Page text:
Uncle Bardie’s Spotlight Creator: Gene Clark

Once a week on Friday, Uncle Bardie celebrates the creativity in others by shining a Spotlight on a movie, a song or a creator. This week’s Spotlight Creator is Gene Clark:

Gene is the fellow on the left, doing lead singer on “Backstage Pass”. Roger McGuinn is in the center and Chris Hillman on the right.

Rock music has seen quite a few artists who have been recognized by a large public. But there are those who have sunk into the sunset and few know their name. Gene Clark was in the first rank of those artists.

Gene Clark is no longer with us and I miss him a lot. I can’t think of another musician who moves me like Gene does. I first got hooked on his music back in the day when he released his fourth solo album, No Other. There wasn’t a bad song on that masterpiece.

Gene Clark was a songwriter, musician and performer. The guy sure could write songs and he was one of the best lyricist to come down the pike. A songwriter learning their craft could do no better than to study Gene’s work. The songs I have featured here all have a wallop that leaves me moved. Only “Changes” was not his. (I include it here to give some idea what he could do with another fellow’s song.)

In case, you are unfamiliar with who Gene Clark was, he was a founding member of the American folk-rock band, The Byrds. It was Gene Clark who wrote or co-wrote many of their songs: “I’ll Feel a Whole Lot Better”, “Set You Free This Time”, “Here Without You”, “You Won’t Have to Cry”, “If You’re Gone”, “The World Turns All Around Her”, and “She Don’t Care About Time” and “I’ll Feel a Whole Better”. Gene not only was the songwriter on that one but also the lead singer.

His influence was writ large on a number of musical genres: folk rock, country rock, alt.country, and psychedilic acid rock. He was there at the beginning, writing the songs and performing them. One of the first psychedelic songs, the Byrds’ “Eight Miles High”, came from him.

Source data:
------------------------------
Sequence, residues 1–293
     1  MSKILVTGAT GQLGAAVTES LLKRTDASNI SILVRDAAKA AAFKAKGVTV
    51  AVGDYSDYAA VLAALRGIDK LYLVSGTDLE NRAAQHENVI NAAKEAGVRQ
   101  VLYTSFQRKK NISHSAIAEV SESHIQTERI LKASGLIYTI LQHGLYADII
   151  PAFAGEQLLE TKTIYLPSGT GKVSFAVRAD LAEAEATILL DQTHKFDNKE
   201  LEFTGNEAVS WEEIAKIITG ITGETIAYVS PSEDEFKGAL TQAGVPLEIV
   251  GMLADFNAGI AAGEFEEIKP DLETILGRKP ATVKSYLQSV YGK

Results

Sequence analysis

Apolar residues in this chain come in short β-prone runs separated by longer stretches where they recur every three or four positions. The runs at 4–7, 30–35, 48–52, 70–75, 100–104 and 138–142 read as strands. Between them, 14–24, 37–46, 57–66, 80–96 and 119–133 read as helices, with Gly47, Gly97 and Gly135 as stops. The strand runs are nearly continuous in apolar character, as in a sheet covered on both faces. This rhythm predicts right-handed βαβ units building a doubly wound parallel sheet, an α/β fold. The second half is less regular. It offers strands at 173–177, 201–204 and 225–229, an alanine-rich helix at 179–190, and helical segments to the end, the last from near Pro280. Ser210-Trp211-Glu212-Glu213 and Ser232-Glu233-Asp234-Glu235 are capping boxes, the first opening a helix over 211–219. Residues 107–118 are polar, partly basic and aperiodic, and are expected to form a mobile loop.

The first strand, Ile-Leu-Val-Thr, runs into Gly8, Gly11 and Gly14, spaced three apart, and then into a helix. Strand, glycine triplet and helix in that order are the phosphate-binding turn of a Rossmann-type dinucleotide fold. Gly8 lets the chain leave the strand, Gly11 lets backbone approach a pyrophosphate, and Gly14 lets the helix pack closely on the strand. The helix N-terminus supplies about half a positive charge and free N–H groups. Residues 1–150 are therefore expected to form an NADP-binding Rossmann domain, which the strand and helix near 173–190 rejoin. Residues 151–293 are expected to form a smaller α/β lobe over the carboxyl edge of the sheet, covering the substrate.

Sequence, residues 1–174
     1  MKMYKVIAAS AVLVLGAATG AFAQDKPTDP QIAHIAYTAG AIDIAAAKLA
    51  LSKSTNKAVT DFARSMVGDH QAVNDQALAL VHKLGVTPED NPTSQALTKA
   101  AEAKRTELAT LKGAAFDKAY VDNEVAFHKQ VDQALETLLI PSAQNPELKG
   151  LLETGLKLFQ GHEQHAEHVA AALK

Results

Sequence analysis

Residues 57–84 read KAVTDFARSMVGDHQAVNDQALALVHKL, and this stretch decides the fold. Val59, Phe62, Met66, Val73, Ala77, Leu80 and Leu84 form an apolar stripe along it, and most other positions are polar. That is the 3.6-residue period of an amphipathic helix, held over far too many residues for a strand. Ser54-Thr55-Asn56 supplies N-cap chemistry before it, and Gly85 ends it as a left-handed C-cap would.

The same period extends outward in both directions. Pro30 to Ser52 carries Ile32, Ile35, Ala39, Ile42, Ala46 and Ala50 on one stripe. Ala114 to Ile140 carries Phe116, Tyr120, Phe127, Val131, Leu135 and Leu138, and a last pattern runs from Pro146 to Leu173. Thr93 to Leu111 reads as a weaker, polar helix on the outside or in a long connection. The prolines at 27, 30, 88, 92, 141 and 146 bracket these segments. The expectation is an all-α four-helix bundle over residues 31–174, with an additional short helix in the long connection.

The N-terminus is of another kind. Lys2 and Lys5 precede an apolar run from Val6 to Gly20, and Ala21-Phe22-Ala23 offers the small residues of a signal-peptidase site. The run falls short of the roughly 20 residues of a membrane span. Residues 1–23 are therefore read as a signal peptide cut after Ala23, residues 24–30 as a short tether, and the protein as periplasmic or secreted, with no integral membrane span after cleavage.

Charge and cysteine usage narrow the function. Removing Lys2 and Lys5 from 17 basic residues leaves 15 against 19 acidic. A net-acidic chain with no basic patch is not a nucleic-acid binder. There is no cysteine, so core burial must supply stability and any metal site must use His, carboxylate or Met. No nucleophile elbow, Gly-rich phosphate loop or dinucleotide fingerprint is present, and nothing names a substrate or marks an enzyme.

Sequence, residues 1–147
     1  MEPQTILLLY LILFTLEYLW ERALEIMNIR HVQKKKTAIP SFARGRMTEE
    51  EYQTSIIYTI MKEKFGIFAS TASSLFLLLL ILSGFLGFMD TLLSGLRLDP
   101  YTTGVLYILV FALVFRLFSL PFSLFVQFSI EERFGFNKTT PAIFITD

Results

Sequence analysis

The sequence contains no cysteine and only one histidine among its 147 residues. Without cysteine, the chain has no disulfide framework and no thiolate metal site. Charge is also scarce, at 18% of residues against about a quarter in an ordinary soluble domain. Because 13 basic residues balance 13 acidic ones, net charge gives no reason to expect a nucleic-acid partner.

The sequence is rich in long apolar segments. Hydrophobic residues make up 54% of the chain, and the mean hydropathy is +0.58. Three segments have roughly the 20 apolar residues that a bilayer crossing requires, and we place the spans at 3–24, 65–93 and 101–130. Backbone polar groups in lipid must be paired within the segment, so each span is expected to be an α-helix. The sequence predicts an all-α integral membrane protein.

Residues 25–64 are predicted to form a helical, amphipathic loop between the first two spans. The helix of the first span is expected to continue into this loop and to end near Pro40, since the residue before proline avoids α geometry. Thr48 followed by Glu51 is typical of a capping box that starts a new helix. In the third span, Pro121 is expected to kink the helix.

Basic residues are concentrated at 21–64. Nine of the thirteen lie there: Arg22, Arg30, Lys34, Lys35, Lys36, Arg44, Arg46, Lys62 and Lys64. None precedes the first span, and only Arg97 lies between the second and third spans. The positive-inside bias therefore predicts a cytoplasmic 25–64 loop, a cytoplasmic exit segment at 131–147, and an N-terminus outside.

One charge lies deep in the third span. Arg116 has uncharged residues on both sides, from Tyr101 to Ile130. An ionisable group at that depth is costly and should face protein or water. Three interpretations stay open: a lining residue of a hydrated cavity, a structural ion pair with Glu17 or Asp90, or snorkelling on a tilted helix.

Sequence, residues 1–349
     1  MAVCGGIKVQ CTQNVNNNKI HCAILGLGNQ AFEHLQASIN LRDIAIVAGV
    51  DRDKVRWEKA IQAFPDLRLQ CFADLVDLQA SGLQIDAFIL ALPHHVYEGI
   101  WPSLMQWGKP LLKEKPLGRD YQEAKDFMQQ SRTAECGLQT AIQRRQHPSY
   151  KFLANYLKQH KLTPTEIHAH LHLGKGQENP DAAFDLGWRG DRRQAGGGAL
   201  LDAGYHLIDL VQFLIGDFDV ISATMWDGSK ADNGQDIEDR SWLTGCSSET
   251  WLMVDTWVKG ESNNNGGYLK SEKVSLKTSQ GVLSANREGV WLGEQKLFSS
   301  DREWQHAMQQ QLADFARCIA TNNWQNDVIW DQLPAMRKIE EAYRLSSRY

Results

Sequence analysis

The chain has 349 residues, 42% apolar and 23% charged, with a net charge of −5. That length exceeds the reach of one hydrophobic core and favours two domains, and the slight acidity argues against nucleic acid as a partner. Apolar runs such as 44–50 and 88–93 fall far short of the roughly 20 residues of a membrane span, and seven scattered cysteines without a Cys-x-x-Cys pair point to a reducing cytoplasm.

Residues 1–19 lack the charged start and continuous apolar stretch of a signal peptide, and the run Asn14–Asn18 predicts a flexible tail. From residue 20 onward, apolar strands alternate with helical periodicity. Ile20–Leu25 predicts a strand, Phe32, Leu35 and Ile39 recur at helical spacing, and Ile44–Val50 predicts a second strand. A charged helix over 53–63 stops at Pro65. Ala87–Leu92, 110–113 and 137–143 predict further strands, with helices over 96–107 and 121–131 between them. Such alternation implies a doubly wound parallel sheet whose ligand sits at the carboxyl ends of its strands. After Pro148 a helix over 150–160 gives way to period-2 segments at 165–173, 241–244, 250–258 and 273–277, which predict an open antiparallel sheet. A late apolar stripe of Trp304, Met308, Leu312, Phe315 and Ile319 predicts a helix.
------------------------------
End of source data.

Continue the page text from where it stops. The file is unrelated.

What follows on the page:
He went solo in 1966 for a number of reasons, including internal squabbles with others in the band and a deathly fear of flying.

He was inducted into the Rock and Roll Hall of Fame in 1991 as a member of the Byrds. But he is still mostly unrecognized for being one of the best songwriters of his time and as a solo artist by much of the public and by the Hall of Fame.

So give a listen and maybe you’ll be saying with me, “We sure miss you, Gene.”

Radio Song by Dillard and Clark.

The Virgin. 

Finally, here’s one he recorded with Carla Olson in the final years of his career, Phil Ochs’ “Changes“:

Uncle Bardie’s Spotlight Creator: Gordon Lightfoot

Once a week on Friday, Uncle Bardie celebrates the creativity in others by shining a Spotlight on a movie, a song or a creator. This week’s Spotlight Creator is Gordon Lightfoot:

It was late 1969 and I was at the Air Force Base Exchange. I found myself flipping through the records when I chanced upon an album called “Sunday Concert”. In those days, I had gotten into the habit of buying albums based on the cover art. The cover on the album was simple. It was a side view of Gordon Lightfoot on stage. It was a live album.

I liked the cover but I wasn’t sure who this Gordon Lightfoot was. Seems the name had come up before. Didn’t he write a Peter, Paul and Mary tune, “Early Morning Rain”? I checked out the songs. They had interesting titles and it looked like this Lightfoot guy was a folk singer.

This was in the days before Pandora and Spotify. If no one you knew had heard an artist, you took your chances. So I took my chances. Man, am I glad. I loved this Lightfoot and his “Sunday Concert”. Every song was a gem. Little did I realize that this was the last album he was to do for United Artist. His next album, “Sit Down, Young Stranger”, was on the Reprise label and it was a gem too. Had a big hit on it. “If you could read my mind”.

The Guess Who performing “Lightfoot”.

Gordon Lightfoot was something. He wrote great songs. He had a great voice. And he looked like what you would expect a troubadour to look. Over the years, I bought album after album of his as they were released. Twice I saw him in concert. And he’s still out there on the road, doing what a troubadour does.

In his honor, I wrote this lyric:

The ballading man
Spanish guitars play a South-of-the-Border song
On the stage the man sings out loud and clear
Of a land made great by sweat and by blood,
A rose in the wilderness of every man’s fear.

The songs the ways of the past almost forgotten:
Of love’s wisdom, of life, glory and death,
Of battles raging and courageous men,
Conquistadors, el dorado tales of fabulous wealth.

Children, gather ’round and hear a ballading man
Warm as a winter fire by a family hearth
Wild as mountain flowers in early spring,
A natural theology of every man’s worth.

Gordon Lightfoot, “I used to be a country singer”, written by Steve McEown.

And here is one of the my favorites. It’s “Don Quixote”, the title song from his second album on Reprise:

In this day and age, we need more Don Quixotes like this one.